Bad News: You Can’t Opt Out Of Sharing Your Data, Even If You Didn’t Opt In “…Yonatan Zunger, a former Google privacy engineer, noted we’ve known for a long time that one person’s personal information is never just their own to share. It’s the idea behind the old proverb, “Three (SESs) may keep a secret if two of them are dead.” 

Alexa and Siri Can Hear This Hidden Command. You Can’t. New York Times. Lambert flagged this yesterday, but be sure not to miss it.
Don’t ask yourself “is this device secure?” But rather, ‘which intelligence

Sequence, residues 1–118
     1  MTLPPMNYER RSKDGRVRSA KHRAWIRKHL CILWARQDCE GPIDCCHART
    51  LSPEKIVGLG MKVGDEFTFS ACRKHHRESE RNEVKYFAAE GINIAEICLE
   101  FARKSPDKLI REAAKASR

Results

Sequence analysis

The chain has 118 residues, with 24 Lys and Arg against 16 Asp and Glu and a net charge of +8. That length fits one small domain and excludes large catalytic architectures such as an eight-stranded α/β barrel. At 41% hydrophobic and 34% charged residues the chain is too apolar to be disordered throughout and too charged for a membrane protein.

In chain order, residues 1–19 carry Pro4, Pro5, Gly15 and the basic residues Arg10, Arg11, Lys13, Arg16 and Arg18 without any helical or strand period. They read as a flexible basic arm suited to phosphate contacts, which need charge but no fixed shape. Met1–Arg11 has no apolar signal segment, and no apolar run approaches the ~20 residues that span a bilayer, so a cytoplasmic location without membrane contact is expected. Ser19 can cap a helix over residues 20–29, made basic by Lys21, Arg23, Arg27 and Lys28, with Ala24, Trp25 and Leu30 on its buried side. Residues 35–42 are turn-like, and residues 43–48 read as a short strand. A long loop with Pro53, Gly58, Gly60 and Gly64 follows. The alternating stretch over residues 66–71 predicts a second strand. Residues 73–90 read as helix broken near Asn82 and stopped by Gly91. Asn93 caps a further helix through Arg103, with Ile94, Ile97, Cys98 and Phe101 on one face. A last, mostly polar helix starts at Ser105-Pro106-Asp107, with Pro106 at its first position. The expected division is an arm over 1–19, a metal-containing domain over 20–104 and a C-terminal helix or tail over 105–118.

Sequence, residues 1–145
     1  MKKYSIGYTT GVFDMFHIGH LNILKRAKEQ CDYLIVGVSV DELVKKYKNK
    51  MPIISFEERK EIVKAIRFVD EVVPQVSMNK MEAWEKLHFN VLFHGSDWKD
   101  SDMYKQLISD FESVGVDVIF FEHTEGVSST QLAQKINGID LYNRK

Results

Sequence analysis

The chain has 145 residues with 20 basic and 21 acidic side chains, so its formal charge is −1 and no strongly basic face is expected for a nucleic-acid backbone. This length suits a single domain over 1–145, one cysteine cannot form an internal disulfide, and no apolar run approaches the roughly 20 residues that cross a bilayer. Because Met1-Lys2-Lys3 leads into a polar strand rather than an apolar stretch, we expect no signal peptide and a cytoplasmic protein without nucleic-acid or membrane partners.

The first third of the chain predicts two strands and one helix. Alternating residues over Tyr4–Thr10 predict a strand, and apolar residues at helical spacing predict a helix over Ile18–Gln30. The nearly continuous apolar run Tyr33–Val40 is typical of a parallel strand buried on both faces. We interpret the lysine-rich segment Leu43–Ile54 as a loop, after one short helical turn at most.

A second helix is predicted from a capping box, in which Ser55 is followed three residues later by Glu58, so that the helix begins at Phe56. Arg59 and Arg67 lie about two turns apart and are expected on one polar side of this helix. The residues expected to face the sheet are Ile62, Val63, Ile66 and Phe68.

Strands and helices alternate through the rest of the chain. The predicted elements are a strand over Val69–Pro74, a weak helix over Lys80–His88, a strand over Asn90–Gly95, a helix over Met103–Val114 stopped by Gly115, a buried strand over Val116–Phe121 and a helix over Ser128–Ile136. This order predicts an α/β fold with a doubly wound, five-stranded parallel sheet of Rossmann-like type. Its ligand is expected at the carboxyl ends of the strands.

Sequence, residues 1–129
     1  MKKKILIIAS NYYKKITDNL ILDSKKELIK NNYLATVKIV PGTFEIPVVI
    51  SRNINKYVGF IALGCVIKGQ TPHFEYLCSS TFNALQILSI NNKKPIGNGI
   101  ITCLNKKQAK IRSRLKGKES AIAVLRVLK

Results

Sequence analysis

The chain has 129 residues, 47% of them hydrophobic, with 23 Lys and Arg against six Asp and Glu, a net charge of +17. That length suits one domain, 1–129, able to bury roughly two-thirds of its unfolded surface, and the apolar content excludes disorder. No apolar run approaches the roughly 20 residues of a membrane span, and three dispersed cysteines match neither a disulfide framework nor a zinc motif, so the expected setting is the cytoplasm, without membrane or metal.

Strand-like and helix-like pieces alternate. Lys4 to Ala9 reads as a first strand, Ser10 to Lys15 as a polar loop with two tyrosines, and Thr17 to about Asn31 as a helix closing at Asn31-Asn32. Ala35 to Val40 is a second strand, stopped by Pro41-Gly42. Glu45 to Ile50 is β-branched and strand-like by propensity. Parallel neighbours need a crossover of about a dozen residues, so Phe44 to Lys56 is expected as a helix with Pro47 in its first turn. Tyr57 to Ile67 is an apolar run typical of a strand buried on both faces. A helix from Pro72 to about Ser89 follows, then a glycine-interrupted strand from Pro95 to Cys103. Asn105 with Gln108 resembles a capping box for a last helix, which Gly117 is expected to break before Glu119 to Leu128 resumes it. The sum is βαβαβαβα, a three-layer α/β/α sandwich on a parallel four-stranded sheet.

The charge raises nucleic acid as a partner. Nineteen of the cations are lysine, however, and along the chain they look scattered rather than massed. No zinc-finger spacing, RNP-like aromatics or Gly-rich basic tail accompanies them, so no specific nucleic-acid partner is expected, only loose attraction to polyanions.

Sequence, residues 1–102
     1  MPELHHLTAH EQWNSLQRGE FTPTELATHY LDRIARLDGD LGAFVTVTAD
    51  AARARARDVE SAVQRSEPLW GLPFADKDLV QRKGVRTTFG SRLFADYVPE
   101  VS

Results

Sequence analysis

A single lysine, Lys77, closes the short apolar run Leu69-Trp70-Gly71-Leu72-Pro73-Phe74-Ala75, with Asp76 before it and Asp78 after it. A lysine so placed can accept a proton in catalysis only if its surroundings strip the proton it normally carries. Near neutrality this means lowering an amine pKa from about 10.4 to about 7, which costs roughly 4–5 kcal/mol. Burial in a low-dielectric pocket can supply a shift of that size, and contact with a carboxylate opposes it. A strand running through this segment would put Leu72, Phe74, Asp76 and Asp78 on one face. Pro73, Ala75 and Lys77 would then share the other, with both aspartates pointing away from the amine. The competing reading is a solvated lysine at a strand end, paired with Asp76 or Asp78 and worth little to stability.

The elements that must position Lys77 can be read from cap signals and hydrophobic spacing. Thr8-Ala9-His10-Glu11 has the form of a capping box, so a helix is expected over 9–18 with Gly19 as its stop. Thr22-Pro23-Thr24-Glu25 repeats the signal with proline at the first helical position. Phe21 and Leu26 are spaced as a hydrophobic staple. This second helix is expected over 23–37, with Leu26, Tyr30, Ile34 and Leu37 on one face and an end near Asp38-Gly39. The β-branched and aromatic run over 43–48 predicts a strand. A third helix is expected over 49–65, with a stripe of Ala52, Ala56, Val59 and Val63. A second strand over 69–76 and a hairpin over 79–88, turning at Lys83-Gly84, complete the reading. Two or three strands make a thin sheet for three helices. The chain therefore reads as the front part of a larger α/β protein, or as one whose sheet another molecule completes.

services have access?” State-sponsored subversion didn’t end with Snowden.

The Icky Stuff Librarians Find In Returned Books

anye west, a god in this time, awakened, recently, from a long public slumber to embrace Donald Trump. He hailed Trump, as a “brother,” a fellow bearer of “dragon energy,” and impugned those who objected as suppressors of “unpopular questions,” “thought police” whose tactics were “based on fear.” It was Trump, West argued, not Obama, who gave him hope that a black boy from the South Side of Chicago could be president. “Remember like when I said I was gonna run for president?,” Kanye said in an interview with the radio host Charlamagne Tha God. “I had people close to me, friends of mine, making jokes, making memes, talking shit. Now it’s like, oh, that was proven that that could have happened.”